You're one of the many people interviewed about the titular Hollywood agent in the documentary Supermensch: The Legend of Shep Gordon. Though your IMDb profile doesn't come right out and say that you're a paparazzi, it mentions that your "iconic photos and videos have been published in magazines and newspapers and can be seen on web sites and television programs around the world, a benchmark in any artist's career." Not once does it allude to the fact that these pictures are usually taken when you are hiding in a shrubbery. But the beauty of showbiz is that you can constantly reinvent yourself. It's all about spin.
In 1968 Shep Gordon checked into the Landmark Motor Hotel in Hollywood, the kind of place that, if it existed now, would find you and your pap brethren camped outside on the regular. On his first day, Shep met fellow guests Jimi Hendrix, Janis Joplin and Jim Morrison, and a casual suggestion from Jimi started him down his career path; "Are you Jewish?", Jimi asked, "You should be a manager." When asked who he should manage, Jimi pointed up at a hotel balcony that housed a very broke Alice Cooper and his band. Their professional arrangement began with a handshake - the two have never had a contract - and has lasted over forty years. Shep's mantra; "Get the money. Always remember to get the money. Never forget to always remember to get the money," the brazen publicity stunts he orchestrated, and his famous, "No Head, No Backstage Pass" t-shirt, made him - for better or worse - the prototype for every aspiring manager since.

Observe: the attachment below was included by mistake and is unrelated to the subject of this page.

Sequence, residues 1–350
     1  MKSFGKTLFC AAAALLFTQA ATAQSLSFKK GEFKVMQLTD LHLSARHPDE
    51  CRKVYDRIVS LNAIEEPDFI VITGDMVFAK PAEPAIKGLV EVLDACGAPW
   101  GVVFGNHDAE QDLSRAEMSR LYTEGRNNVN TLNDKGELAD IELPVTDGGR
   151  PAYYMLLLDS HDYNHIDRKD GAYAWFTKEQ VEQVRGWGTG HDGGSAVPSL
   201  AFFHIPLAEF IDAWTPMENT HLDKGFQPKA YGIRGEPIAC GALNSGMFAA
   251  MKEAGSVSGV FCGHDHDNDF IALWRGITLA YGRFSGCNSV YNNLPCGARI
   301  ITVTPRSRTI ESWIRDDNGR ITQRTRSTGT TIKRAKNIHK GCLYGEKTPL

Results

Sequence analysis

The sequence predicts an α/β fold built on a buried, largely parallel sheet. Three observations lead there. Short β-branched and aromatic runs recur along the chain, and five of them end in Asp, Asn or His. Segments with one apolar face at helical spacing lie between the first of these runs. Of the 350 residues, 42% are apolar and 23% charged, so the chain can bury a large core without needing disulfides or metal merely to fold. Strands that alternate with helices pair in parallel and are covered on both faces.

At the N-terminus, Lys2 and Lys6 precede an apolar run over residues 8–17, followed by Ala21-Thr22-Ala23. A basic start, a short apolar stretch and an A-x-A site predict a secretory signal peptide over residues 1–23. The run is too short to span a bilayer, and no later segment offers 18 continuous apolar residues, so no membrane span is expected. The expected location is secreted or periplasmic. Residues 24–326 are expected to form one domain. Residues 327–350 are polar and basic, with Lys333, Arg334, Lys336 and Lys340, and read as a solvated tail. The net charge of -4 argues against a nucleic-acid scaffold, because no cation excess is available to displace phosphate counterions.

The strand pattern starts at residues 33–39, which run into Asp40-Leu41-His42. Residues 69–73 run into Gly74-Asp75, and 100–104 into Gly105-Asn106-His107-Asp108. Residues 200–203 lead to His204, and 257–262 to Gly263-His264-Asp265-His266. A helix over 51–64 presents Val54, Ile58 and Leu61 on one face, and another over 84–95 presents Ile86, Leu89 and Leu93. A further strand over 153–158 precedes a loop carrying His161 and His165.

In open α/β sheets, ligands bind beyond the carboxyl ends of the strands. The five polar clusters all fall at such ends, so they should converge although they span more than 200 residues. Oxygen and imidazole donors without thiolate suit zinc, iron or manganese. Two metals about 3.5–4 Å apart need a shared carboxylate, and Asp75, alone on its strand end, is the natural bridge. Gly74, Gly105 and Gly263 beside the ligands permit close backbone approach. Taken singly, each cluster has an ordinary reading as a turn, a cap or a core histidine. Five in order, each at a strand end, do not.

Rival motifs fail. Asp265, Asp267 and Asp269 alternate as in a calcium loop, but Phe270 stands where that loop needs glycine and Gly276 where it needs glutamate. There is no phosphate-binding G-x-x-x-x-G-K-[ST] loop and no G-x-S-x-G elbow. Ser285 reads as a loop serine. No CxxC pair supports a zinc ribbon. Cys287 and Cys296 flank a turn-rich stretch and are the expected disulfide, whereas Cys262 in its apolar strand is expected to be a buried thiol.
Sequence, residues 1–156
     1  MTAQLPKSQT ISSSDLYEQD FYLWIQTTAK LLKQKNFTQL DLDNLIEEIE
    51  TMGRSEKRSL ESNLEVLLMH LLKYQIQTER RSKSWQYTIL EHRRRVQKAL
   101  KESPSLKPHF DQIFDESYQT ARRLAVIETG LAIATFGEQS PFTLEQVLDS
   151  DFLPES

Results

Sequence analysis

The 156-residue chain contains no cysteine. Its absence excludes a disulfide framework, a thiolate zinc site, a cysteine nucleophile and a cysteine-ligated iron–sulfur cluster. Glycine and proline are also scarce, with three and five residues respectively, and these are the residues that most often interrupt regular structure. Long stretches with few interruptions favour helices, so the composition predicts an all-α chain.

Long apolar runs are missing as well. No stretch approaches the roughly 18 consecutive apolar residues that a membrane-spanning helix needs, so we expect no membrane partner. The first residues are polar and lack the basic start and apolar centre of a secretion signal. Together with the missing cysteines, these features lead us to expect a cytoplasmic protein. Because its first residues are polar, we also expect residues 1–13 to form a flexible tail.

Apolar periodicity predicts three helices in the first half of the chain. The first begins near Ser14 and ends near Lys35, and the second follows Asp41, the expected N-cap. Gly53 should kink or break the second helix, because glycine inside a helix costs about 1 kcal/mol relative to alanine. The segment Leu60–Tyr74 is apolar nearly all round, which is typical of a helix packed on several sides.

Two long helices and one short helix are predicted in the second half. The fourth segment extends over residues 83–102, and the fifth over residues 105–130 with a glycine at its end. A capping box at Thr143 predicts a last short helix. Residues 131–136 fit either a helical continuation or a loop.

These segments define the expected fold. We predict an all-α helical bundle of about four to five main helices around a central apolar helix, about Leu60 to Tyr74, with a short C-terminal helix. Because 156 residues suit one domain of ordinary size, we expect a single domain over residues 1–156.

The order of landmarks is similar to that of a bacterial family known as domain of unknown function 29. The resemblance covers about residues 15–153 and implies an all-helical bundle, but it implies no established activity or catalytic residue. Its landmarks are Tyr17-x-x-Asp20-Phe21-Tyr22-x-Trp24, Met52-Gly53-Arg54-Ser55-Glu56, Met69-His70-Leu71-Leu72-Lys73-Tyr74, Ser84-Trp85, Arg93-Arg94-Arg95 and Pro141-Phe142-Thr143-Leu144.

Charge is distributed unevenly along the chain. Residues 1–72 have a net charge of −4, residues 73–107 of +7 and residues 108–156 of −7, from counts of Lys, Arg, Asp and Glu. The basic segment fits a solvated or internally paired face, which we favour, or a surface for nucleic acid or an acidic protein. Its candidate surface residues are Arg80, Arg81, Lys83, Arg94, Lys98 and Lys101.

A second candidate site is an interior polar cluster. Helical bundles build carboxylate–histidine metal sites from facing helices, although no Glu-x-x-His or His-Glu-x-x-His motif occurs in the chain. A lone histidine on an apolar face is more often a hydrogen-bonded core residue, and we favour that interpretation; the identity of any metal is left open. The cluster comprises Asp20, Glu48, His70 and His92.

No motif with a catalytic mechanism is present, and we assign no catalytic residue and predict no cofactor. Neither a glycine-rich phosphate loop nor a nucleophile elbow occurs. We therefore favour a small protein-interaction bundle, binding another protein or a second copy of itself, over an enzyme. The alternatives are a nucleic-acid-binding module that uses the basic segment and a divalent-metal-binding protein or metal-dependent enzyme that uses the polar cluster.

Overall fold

Mensch is a Yiddish term for a decent, mature and responsible person. What makes Shep Gordon so super, or at least unusual, is that his commitment to clients goes above and beyond what we've come to expect from the stereotypical sleazy Hollywood suit. After years of living a clicheed Hollywood life of sex, drugs and rock and roll, he moved to Maui where he changed course, becoming a Buddhist, a professionally trained chef, and the adopted father to an ex's grandchildren. He is a trusted confidante and adored friend to huge Hollywood hitters like Sly Stallone and Michael Douglas, who marvel at Shep's ability to stay grounded in an industry that seems to reward bad behavior.
At the other end of the 'adored by huge Hollywood hitters' spectrum, there's you, Derek. You make a living stalking famous people and photographing them, usually when they are at their most vulnerable, which is how you met Shep. Shep's Maui compound has become a home away from home for countless stars needing to escape the madness of L.A. -- Shep and you have an informal agreement wherein you won't film anyone on his property. But who needs a scandal sheet when you've got a storyteller like Shep? In a career spanning over forty years, this guy is the King of Juicy Anecdotes. In fact, this doc relies so heavily on anecdotes and back slapping that it wallows in superficiality. Kind of like those, 'Stars: They're Just Like Us!' photo spreads your magazines are known for.
Recent rock-docs like It Might Get Loud and Joe Strummer:The Future Is Unwritten manage, quite surprisingly, to strike an emotional chord. With Supermensch it's all reverb. We learn very little about Shep's life before his fateful stop at the Landmark, other than that his mother was, in his words, "cruel". Shep's brush with death and his regrets over not having his own children are as deep as first time director Mike Myers is willing to take us, delivering what amounts to a celluloid love letter. Instead, Myers gives us the cinematic equivalent of a tabloid; it's fun, gossipy and light, but in the end is only supermeh.
Don't get overexposed,